Isla Nublar
    #7
    Go with a pro if its in your budget but if all you're doing is modeling an air will work just fine.

    I use the air in my signature to model, texture and even sculpt at work. I run Modo, Maya, ZBrush and Photoshop on it just fine.

    That being said its not great for rendering even though it can do it.

    EDIT: My Macbook Air is the 2010 model that was the first unibody design.
     
  8. maxosx macrumors 68020

    Joined:
    Dec 13, 2012
    Location:
    Southern California
    #8
    I get paid to create some 3D designs, I cannot imagine using my MBA for a job my MBP retina is so ideally suited for.
     
  9. Jessica Lares macrumors G3

    Jessica Lares

    Joined:
    Oct 31, 2009
    Location:
    Near Dallas, Texas, USA
    #9
    I use Maya on my 13" Pro. HATE IT. Definitely go for a 15".

    Someone else here had the same issue as me. You have to hide the dock, and then deal with missing the workspace that the menubar takes. :eek:
     
  10. luisito macrumors regular

    luisito

    Joined:
    Nov 15, 2012
    #10
    I use SolidWorks and I have a MBA mid2013. Flawless, no lag.
     
  11. BigJohno macrumors 65816

    Joined:
    Jan 1, 2007
    Location:
    San Francisco
    #11
    It depends on what you are modeling. Solidworks is very processor dependent. The processor on the 15 smokes the air. The cooling is better for extended rendering sessions. The 15 is IMO is a better option if you don't have a desktop.
     
  12. Zeov, Aug 21, 2013
    Last edited: Aug 21, 2013

    Zeov macrumors 6502a

    Zeov

    Joined:
    Apr 1, 2011
    Location:
    Odense
    #12
    I'm currently a student at Digital Media, i work with 3D on my MacBook Pro Retina "15 every day. This weekend i used it to render a 11 hour render.. but sadly it crashed due to overheating.. but running max CPU for 11 hours isn't really an easy task for any laptop out there.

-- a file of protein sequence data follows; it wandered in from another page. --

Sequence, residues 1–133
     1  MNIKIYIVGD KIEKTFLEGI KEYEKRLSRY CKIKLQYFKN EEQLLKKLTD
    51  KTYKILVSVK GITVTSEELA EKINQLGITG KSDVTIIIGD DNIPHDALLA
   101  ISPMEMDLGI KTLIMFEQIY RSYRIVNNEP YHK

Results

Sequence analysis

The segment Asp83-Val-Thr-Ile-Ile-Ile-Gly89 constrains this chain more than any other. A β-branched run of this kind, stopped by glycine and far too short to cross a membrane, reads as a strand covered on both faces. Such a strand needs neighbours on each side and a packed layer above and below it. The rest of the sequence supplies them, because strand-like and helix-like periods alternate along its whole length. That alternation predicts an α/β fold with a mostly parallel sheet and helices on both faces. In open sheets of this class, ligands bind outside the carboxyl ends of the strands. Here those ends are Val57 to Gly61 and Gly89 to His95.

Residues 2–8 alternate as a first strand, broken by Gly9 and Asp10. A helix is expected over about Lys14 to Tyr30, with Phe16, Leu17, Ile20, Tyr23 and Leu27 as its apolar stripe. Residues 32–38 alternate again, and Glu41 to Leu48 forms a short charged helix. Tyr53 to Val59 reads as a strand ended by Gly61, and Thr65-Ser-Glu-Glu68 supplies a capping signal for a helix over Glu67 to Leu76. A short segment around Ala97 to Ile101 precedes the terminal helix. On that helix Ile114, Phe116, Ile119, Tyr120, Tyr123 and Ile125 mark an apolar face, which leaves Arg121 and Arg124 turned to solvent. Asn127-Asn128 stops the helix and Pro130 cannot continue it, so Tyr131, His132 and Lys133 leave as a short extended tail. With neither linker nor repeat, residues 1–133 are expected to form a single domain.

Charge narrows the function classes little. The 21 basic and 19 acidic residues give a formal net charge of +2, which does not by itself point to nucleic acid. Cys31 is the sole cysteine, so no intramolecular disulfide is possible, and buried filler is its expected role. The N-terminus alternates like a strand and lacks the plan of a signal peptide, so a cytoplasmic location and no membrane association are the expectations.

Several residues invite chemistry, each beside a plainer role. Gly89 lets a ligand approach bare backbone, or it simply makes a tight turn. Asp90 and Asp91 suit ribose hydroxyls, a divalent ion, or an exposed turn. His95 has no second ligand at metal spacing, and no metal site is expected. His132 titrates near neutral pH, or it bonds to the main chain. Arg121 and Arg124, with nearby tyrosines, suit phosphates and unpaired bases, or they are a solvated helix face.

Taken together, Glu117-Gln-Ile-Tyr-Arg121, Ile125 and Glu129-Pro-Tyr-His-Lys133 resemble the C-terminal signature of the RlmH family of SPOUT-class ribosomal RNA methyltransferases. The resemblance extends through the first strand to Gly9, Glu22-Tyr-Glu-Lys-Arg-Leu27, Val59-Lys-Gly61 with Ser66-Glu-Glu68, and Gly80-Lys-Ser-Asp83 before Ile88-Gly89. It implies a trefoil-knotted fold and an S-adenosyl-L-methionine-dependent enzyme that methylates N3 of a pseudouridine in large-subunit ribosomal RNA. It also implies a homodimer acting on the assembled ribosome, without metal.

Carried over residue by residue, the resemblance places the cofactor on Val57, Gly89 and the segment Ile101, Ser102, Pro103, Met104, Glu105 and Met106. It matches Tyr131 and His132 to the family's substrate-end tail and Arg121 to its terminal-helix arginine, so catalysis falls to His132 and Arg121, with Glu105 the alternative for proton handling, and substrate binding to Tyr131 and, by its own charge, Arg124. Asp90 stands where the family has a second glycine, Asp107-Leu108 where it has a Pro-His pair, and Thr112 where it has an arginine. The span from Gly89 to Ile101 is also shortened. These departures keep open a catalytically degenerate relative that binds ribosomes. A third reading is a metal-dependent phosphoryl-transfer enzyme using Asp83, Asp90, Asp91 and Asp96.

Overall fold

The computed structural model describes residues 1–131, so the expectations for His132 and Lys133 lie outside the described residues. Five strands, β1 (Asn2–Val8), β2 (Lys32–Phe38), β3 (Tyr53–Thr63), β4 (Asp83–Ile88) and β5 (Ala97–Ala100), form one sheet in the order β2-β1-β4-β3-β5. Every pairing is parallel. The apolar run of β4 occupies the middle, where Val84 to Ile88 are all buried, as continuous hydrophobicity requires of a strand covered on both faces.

I'm currently using it practically 24/7 these days.. i'm working on an exam project creating a whole house in 3D.. at the days i model and at the nights i render.. so far almost no problems.. but i found out that putting a massive render on it while clubbing a whole weekend might be too much hehe.


    All in all? a great laptop, i've made most of my portfolio on it!: http://12amike.dim.sde.dk/

    I work in Maya btw
     
  13. phaedarus macrumors regular

    Joined:
    Dec 27, 2008
    #13
    My honest opinion is that you will find the experience when modeling on a laptop to be substantially "reduced" if not downright frustrating.

    3D software is inherently complex with a multitude of UI subsections and hundreds of buttons. You'll be constantly hiding and revealing different areas of the interface while confined to a small screen; compounding your efficiency.

    A proper setup for modeling requires dual monitors to keep your palettes on one side of the screen while maximizing your viewport on the other.

    Of course, if 3D work is your primary application than I wouldn't suggest a Mac at all. 3D is not about elegance, it's about raw power and the PC offers this in spades at a substantially lower price (to say nothing of how varied the options are on Windows compared to OSX). If you plan to have various peripherals hooked up such as a tablet and and a mouse, you may as well be on a desktop.

    You can certainly mockup a 3D model on a laptop but believe me, you will not enjoy it. A workstation with large monitors will always be preferable for the bulk of the modeling/sculpting process under any circumstance.